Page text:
HOW TO HELP A FRIEND WITH AN EATING DISORDER

WHAT ARE THE WARNING SIGNS OF AN EATING DISORDER?
(Not all persons display all symptoms)

HOW CAN I HELP SOMEONE WITH AN EATING DISORDER?

An EATING DISORDER is not simply a problem with weight or food. It is actually an attempt to use weight control and food intake to solve underlying emotional conflicts or difficulties that have little to do with weight or food.

WHAT ARE REALISTIC GOALS I CAN ACCOMPLISH WHEN APPROACHING A FRIEND?

Opening the doors to discussion shows that you are willing to listen and support your friend.

Telling your friend why you are having this discussion and what you would like to see happen.

Helping your friend get information and help. This may include giving her information about available resources and helping her recognize the problem.

Realizing you can listen and be supportive, but you cannot change your friend's behavior. Trying to stop someone from bingeing, purging or starving is an unrealistic goal. This will most likely end up in a struggle for control and will only make matters worse.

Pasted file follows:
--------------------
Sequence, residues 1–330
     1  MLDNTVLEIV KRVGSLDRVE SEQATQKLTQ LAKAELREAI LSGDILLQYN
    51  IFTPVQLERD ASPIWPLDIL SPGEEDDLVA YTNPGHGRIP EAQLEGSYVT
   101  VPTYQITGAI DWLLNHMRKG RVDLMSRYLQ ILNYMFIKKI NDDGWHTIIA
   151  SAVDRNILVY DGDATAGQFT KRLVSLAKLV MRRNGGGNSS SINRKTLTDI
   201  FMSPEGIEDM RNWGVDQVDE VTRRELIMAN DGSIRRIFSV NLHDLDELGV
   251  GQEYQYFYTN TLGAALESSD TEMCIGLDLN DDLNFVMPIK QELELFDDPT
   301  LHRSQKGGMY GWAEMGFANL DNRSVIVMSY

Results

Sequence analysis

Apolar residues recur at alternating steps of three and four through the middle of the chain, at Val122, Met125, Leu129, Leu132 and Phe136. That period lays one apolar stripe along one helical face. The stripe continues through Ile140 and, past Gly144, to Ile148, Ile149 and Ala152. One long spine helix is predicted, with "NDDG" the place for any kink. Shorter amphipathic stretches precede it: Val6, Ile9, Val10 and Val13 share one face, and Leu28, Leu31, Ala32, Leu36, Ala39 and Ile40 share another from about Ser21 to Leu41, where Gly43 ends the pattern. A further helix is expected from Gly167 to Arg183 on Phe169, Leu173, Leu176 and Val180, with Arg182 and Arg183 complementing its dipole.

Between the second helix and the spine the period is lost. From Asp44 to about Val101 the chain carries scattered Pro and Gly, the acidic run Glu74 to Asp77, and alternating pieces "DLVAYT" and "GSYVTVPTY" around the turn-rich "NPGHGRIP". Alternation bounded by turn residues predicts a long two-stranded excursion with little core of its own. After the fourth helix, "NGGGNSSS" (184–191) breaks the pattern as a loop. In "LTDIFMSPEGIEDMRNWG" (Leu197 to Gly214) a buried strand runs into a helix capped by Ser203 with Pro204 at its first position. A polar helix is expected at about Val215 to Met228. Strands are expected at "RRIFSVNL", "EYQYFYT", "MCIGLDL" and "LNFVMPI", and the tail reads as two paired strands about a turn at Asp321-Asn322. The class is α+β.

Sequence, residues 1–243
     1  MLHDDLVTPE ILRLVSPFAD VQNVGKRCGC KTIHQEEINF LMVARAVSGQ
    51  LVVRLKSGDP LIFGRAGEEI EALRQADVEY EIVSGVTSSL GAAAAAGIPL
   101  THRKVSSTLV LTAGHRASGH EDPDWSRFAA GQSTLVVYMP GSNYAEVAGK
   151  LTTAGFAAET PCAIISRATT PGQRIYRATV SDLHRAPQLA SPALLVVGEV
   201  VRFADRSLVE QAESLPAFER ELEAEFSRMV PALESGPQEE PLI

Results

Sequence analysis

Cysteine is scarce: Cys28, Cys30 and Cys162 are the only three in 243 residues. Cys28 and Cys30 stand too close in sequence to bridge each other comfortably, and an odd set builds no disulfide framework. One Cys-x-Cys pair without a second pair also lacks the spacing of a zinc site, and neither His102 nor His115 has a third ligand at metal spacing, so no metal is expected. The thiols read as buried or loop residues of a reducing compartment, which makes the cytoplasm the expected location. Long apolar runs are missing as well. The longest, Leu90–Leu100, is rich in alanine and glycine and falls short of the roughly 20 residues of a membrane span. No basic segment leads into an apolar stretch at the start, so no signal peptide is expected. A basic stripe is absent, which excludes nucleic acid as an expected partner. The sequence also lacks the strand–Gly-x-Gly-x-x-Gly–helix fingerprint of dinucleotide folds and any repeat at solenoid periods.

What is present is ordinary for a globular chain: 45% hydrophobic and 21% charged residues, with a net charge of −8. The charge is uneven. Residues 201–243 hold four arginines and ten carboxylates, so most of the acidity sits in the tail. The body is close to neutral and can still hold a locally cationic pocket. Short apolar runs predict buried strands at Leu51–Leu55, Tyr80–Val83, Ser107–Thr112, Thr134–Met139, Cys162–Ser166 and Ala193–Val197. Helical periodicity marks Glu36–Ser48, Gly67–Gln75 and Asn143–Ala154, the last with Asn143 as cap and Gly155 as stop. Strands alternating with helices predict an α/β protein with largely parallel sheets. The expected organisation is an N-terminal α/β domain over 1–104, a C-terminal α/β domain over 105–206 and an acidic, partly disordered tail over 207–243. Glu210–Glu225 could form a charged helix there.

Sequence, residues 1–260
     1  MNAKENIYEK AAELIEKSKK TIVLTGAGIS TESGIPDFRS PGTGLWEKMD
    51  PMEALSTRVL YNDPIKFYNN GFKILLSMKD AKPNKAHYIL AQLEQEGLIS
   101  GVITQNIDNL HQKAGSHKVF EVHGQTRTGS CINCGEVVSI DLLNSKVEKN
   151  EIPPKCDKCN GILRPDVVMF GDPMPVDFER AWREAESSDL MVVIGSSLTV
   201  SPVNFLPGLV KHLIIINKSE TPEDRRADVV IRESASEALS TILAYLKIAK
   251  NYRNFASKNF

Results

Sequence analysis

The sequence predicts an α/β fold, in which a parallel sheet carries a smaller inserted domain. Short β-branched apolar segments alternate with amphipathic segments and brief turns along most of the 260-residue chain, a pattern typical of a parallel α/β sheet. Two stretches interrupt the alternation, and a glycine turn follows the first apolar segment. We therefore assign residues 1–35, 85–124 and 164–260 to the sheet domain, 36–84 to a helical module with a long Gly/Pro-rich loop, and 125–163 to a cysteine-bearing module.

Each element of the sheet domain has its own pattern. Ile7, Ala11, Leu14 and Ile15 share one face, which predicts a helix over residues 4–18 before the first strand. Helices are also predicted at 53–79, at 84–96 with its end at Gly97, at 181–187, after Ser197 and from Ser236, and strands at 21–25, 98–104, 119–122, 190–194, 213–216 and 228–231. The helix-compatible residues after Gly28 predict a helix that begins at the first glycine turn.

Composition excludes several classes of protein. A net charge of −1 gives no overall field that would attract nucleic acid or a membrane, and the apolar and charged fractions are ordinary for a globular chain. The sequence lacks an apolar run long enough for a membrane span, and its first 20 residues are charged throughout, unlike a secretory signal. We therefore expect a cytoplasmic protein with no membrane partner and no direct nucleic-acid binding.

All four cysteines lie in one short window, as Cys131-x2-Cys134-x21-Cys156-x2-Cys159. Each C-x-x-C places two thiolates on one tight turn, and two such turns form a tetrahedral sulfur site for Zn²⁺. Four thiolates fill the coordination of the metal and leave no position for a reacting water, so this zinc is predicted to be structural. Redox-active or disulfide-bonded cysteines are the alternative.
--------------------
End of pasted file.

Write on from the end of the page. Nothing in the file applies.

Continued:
Source: Eating Disorders Task Force at Northern Illinois University
Used with permission

RECOMMENDED READING

Making Peace With Food: Freeing Yourself from the Diet/Weight Obsession, by Susan Kano

Bulimia: A Guide to Recovery: Understanding and Overcoming the Binge-Purge Syndrome, by Lindsey Hall and Leigh Cohn

Fat is Not a Four-Letter Word, by Charles Roy Schroeder, Ph.D.

The Body Betrayed: A Deeper Understanding of Women, Eating Disorders, and Treatment, by Katheryn J. Zerbe, M.D.

Surviving an Eating Disorder: Perspectives and Strategies for Family & Friends, by Michelle Siegel, Ph.D., Judith Brisman, Ph.D., and Margot Weinshel, Ph.D.

Gurze Books: Eating Disorders Bookshelf Catalog, 1-800-756-7533

Full Lives: Women Who Have Freed Themselves from Food and Weight Obsessions, by Lindsey Hall

Body Trust: Undieting Your Way to Health and Happiness, by Gayle Hayes. 60 minute Video

Body Traps: Breaking the Binds That Keep You From Feeling Good About Your Body, by Dr. Judith Rodin

GETTING HELP EARLY IS THE KEY

If you know or suspect you know someone who has an eating disorder, you can contact:

Valley Mental Health
(435) 649-8347

Overeater's Anonymous
(801) 484-1442

For free information, referrals, bibliography, self-help groups, contact:

National ANAD (Anorexia Nervosa & Associated Disorders)
P.O. Box 7
Highland Park, IL 60035
(708) 831-3438